Auburn University’s robotic dog advancing research, teaching, outreach as part of cutting-edge construction technology evolution

One-of-a-kind robotics tool paving way for future of construction industry, instruction

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Aside from Auburn’s beloved mascot Aubie, perhaps nothing draws a crowd on campus these days more than the university’s coolest new addition—a robotic dog named Mac.

The Boston Dynamics-designed, four-legged agile robot—purchased by the McWhorter School of Building Science, or BSCI, in the College of Architecture, Design and Construction, or CADC—is a magnet for attention on the Plains. Weighing in at 80 pounds and standing almost 3 feet tall, Mac, named in honor of 1968 Auburn graduate Earlon McWhorter, whose name adorns the school, is a popular attraction wherever he goes.

“It draws a crowd, and people are always curious about Mac and want their photo taken with it,” said Eric Wetzel, an assistant professor of building science.

Purchased this spring by BSCI, Mac already has been used on construction sites and in classrooms at Auburn. Wetzel said the robot has been utilized in research experiments on active construction sites, including the Tony and Libba Rane Culinary Science Center, conducting autonomous laser scans of rooms to capture completion percentage and provide 3D imaging useful to project managers and educators alike.

“We’re trying to use Mac in all three phases of the university mission—research, service and teaching,” said Wetzel, a 2019 recipient of the Alumni Undergraduate Teaching Excellence Award from the Auburn Alumni Association. “This is a very novel technology, especially on construction sites. Basically any research question we develop is untested because we’ve never had autonomous robots on jobsites like we have now. We are looking at different applications and payloads and continue to explore a number of different research questions.”

Mac is a great tool on construction sites because its mobility and autonomous mode enable the robot to enter and scan a room on its own while avoiding obstacles and providing comprehensive and detailed data that can be studied and directly applied to projects. Mac’s autonomous LiDAR scans can free up personnel such as field engineers to handle other tasks on a jobsite.

“Historically, LiDAR scans are a very time-consuming effort for a field engineer, so by autonomously sending Mac out to execute those scans, it alleviates that time the field engineer would need to do it,” said Wetzel, who earned his Master of Building Construction at Auburn before completing his doctorate at Virginia Tech. “The fact that Mac is a quadruped, allows it to go up and down stairs, deal with rough terrain at a construction site and step over and avoid things. This type of robot is the first that can actively be deployed on a construction site without getting stuck in mud or blocked by things sitting on the ground.”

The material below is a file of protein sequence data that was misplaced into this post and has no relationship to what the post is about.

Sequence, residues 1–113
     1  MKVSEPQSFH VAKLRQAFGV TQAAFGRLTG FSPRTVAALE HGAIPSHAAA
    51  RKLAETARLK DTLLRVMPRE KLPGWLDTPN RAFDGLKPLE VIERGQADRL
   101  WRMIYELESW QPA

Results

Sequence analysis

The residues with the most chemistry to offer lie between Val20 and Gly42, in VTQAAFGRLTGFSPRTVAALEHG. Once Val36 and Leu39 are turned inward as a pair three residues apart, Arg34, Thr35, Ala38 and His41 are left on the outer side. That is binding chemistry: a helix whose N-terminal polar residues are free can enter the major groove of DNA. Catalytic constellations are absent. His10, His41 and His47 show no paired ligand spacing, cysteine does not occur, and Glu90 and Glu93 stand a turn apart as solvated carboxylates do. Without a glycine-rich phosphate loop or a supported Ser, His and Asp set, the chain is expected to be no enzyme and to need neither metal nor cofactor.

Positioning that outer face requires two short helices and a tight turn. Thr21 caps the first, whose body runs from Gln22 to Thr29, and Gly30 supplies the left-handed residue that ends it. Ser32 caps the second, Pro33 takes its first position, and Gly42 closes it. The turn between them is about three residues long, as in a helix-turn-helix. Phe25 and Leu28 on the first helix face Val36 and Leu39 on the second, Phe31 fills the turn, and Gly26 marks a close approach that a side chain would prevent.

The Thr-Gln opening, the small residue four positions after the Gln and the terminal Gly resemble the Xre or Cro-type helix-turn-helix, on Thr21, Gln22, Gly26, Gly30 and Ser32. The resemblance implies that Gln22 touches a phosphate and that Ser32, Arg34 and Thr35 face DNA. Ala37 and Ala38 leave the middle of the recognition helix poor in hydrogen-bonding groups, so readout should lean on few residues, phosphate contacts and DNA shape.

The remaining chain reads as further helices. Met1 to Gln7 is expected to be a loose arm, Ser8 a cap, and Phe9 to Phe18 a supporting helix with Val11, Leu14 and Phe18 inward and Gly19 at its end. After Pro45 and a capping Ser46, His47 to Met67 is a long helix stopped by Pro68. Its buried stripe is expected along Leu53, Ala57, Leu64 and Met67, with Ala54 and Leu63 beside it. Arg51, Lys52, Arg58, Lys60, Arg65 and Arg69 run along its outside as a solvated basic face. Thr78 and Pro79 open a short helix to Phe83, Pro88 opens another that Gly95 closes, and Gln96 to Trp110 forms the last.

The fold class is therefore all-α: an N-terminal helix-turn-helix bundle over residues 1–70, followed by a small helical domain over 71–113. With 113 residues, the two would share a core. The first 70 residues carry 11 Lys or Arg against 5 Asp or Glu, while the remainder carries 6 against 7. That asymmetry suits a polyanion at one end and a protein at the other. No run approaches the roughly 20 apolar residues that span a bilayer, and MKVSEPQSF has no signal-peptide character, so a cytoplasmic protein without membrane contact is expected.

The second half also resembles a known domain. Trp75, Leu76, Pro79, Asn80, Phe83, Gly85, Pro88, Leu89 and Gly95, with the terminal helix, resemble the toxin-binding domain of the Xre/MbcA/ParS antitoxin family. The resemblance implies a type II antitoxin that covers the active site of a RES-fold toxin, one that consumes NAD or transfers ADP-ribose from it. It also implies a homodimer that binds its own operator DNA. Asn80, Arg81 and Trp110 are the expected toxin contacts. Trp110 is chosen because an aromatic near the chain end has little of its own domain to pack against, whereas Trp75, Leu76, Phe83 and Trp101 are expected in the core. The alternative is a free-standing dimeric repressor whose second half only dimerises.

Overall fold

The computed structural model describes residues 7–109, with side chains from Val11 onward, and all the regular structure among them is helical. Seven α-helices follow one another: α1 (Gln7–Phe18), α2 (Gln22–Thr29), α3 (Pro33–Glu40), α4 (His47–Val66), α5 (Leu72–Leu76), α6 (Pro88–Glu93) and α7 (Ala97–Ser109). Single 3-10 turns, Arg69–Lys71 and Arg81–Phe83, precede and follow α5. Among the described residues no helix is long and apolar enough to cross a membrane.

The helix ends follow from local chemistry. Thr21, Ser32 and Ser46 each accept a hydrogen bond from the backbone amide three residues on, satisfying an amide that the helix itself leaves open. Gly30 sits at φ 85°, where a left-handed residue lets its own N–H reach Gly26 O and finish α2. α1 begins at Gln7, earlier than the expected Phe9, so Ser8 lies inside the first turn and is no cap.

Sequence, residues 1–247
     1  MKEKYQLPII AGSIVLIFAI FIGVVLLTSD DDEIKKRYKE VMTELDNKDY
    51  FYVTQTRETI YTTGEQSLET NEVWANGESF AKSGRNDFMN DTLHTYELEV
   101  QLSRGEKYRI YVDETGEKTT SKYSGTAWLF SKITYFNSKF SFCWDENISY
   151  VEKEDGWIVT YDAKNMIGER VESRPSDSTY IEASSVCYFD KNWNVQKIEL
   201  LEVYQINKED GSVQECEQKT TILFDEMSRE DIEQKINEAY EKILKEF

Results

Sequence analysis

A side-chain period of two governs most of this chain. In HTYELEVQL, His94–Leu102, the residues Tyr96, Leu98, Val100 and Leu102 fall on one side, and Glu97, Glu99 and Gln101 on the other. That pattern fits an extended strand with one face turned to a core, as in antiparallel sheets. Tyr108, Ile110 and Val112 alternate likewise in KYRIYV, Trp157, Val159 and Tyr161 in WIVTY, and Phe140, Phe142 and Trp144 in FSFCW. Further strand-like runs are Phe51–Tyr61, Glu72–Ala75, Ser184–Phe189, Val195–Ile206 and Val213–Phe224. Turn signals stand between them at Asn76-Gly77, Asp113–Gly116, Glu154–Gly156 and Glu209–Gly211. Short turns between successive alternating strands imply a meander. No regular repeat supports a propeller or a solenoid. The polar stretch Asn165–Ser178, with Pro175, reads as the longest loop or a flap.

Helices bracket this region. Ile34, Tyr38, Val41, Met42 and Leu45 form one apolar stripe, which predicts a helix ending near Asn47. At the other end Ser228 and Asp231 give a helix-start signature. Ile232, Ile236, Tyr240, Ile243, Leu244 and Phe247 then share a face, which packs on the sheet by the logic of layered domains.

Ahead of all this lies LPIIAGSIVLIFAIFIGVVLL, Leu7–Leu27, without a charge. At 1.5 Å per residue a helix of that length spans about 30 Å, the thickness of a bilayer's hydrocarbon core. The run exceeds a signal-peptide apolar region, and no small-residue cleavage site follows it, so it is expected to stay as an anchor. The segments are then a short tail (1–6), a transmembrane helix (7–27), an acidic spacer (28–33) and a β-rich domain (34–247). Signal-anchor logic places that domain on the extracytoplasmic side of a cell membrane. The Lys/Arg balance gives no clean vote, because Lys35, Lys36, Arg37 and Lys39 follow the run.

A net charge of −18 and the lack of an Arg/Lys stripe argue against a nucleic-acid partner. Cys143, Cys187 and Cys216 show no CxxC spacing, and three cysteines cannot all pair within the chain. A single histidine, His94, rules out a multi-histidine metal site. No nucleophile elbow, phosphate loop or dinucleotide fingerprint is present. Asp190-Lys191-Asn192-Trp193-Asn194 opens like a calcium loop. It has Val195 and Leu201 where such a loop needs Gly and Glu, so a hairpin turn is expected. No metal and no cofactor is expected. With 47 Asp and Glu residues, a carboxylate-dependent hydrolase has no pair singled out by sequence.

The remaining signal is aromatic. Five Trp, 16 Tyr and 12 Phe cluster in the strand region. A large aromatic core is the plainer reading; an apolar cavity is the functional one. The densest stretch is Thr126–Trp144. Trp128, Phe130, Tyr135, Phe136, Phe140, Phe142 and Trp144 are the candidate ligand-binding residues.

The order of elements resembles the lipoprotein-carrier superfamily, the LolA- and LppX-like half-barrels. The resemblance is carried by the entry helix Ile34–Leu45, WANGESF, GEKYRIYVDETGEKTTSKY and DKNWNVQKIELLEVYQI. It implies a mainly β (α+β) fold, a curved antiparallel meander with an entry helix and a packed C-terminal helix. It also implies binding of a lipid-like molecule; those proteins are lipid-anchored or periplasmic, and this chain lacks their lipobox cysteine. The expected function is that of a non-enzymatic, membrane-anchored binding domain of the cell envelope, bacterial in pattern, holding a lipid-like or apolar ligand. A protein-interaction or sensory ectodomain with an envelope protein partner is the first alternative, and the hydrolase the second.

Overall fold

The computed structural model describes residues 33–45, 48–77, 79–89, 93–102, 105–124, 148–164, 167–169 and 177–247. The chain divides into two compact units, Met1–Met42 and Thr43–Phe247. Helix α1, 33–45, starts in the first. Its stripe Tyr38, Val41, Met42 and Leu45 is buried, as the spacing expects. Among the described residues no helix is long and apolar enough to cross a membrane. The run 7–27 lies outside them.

LiDAR scans help researchers and construction managers monitor progress of a project or site with high-quality, dynamic images.

“It’s a newer form of advanced technology that allows you to capture spatial dada of a site or structure thoroughly and accurately,” said Junshan Liu, an associate professor in the McWhorter School of Building Science and co-author with Wetzel on a comparative analysis report involving Mac. “It’s a really comprehensive capture, down to two millimeters in detail, and you’re able to get a snapshot of a building as it is at that moment. That documentation is really important for historical buildings and also for new construction.

“LiDAR scanning work is labor-intense that requires a commitment from a lot of people, so having Mac is great because we could just send him to a job site programmed to do image capturing at night when there’s no one working. That can really improve productivity, and for circumstances that may be hazardous or dangerous, we can send Mac to places people shouldn’t go because they’re unsafe.”

Part of a revolution

Mac is part of a revolution of sorts in the construction world, with robotics being used more and more with each passing year as technology continues to improve.

“Within the last 10 years, we’ve seen this explosion in construction robotics,” said Wetzel, who worked for years in the water and wastewater industry. “Mac is representative of this shift, and it’s partially because the tech is good enough that it can now be useful on construction sites. Construction is suffering from a massive skilled labor shortage and one that doesn’t seem to have a solution in the short term.

“If you can’t find people to lay brick or tie rebar, and we have the tech for robots, why not let robots do some of the work that’s repetitive and hard on the human body? Quite frankly, it’s better for humans not to be bent over all day tying rebar mats, so why not let a robot that doesn’t have sore muscles and achy feet that can work 24/7—as long as it has the power to do so—execute those scopes of work?”

Jake Lovelace, an innovation and operations tech specialist at the Brasfield & Gorrie LLC, agrees. The Birmingham-based construction firm—whose name adorns the CADC’s Gorrie Center—has a Boston Dynamics SPOT dog of its own they call Benji.

“I believe we are at the beginning of a construction ‘renaissance,’” Lovelace said. “The industry is seeing rapid growth of technology that is transforming traditional manual workflows into data-driven autonomous processes. While ‘hands in the dirt’ will always be essential, digital innovators are being given an important seat at the table to manage the ever-growing amount of data needed to build a successful project.